The proliferation of tenants’ use of apartments as transient accommodations has not gone unnoticed by New York City’s Department of Buildings (“DOB”). The DOB has been issuing violations to the property owners of buildings where such practice is detected. The violations for transient occupancy are steep, running as much as $1,000 per day! Worse yet, the Environmental Control Board (“ECB”) has been sustaining such violations even where the building owner had no knowledge of such use.
The reason for the stringent enforcement stems from the fact that, under recent statutory amendments, transient use of apartments that are intended for permanent occupancy is a violation of the Building Code, the City Housing Maintenance Code (“HMC”), and the State Multiple Dwelling Law (“MDL”). In addition, transient use triggers more stringent, hotel-like, fire protection requirements under the City Fire Code, which requirements generally do not apply in apartment buildings.
Under the Building Code and MDL, a permanently occupied apartment is known as a “Class A” apartment. Such apartments are designed for the housing of tenants on a permanent basis. Fire Code requirements in a building containing Class A apartments are less stringent since such permanent tenants are presumed to know the location of fire exits in the building where they live, in contrast with transient occupants, who normally do not.
The difference between transient and permanent occupancy was previously a gray area since the premises had to be “primarily” occupied for transient use before running afoul of the transient occupancy laws. However,the word “primarily” was deleted from the law when the City Council enacted Local Law 45 of 2012 to amend Section 28- 201.3 of the Building Code to provide that Class A apartments “shall only be used for permanent residence purposes.” Moreover, the MDL has been amended to provide that Class A apartments can only be used for “permanent residence purposes”, which is defined as occupancy for “thirty consecutive days or more” and a person so occupying a dwelling unit is known as a “permanent occupant”. (MDL Section 4 [a]). In addition, the HMC was amended to expand the word “occupied” to be construed as if followed by words “intended, arranged or designed to be used or occupied”. (HMC Section 27-2004. A[(a]) These statutory changes have made it easier for the DOB to issue violations for transient use.
With the growth of Airbnb and other similar internet-based transient occupancy placement services, transient use of Class A apartments has escalated greatly. The DOB (and the Mayor’s Office of Special Enforcement) have, in turn, ramped up their enforcement efforts by sending inspectors into the field to ferret out transient use, and to file violations based thereon. Notably, with the aforementioned changes in the law, there has been a substantial increase in the ECB sustaining such violations for transient use.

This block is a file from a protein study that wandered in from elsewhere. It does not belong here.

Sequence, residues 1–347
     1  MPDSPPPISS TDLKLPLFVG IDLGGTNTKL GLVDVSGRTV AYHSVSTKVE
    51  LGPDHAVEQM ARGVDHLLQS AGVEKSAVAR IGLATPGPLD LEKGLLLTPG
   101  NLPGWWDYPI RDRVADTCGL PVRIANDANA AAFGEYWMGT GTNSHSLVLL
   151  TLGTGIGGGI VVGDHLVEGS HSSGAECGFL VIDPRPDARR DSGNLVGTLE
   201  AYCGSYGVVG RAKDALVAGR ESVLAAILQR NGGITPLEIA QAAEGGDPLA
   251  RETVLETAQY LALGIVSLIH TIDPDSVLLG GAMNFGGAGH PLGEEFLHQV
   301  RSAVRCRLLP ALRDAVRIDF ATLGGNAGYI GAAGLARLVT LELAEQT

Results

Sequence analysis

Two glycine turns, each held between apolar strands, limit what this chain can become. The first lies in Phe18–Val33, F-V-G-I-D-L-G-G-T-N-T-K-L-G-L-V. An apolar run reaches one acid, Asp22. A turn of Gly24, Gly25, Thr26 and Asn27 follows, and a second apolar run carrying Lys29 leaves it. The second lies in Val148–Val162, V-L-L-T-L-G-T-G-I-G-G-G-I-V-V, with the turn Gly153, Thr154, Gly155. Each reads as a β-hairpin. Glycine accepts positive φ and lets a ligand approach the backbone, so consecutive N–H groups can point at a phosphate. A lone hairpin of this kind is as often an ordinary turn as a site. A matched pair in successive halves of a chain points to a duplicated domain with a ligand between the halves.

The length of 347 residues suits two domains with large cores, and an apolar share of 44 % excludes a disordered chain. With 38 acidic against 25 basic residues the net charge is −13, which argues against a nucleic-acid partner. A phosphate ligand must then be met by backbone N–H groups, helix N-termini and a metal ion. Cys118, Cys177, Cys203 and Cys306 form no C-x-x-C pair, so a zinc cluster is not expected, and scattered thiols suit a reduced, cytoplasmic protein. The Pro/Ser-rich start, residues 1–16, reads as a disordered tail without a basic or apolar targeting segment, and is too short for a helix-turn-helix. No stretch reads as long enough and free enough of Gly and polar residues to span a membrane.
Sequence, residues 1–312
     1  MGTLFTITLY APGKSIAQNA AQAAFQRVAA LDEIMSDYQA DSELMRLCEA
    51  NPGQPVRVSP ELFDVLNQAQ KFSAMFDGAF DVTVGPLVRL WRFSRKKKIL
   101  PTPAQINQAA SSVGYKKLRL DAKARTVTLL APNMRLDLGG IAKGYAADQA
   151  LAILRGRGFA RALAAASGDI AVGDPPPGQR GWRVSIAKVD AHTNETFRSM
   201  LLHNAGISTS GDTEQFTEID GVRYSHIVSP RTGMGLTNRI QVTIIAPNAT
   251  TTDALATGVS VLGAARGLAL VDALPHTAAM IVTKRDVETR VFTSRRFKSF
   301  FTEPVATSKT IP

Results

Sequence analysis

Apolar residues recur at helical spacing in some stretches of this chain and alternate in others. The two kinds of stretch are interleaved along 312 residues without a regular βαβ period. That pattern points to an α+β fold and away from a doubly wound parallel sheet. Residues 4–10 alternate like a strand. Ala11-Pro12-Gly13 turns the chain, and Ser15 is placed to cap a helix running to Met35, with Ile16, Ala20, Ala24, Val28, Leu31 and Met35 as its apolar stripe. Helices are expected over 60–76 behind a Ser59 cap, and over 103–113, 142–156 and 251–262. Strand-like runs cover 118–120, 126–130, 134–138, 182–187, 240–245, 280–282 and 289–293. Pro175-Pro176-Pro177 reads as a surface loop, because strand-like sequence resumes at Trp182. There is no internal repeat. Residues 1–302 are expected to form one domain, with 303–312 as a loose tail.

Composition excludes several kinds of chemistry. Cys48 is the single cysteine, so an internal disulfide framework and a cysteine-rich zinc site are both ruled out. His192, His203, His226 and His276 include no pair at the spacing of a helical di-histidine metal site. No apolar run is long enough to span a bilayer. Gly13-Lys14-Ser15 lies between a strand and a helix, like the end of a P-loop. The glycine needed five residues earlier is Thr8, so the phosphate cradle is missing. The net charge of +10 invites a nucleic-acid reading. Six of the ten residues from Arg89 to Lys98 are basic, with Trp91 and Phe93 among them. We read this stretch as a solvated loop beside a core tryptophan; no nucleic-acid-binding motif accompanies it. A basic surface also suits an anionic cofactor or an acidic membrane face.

Since reporting such transient use to the DOB will not relieve an owner of financial liability for such infractions even where the owner had no knowledge of the violation, owners must be vigilant in policing their own buildings to make sure such transient use is not ongoing. Therefore, doormen, superintendents and other building employees should be instructed to advise management immediately where transient use appears to be ongoing. Turning a blind eye to the use because the tenant is otherwise paying rent on a timely basis can lead to substantial fines being imposed on ownership–ignorance is not bliss when it comes to transient occupancy.
An added potential practical issue is that, often, building employees stand to reap personal financial gain from tenants who allow their apartments to be used for transient purposes—many such tenants reward many such employees for “looking the other way” as transient occupants arrive for their short-term stays.
Notably, the Appellate Term (which hears appeals of Manhattan housing cases) in 42nd & 10th Assoc., LLC v. Izeki recently sustained the eviction of a rent stabilized tenant who “rented out the premises as if it was a hotel room”. The appellate court upheld the housing court’s ruling even though the building owner had not served a notice to cure, because, under the appellate court’s reasoning, an overcharge of an undertenant (such as a transient occupant) by a rent stabilized tenant is an uncurable offense. Thus, an owner’s vigilance can certainly pay off.
Robert Jacobs is a partner in the Administrative Law Department at Belkin Burden Wenig & Goldman LLP. This article originally appeared in BBWG’s monthly newsletter.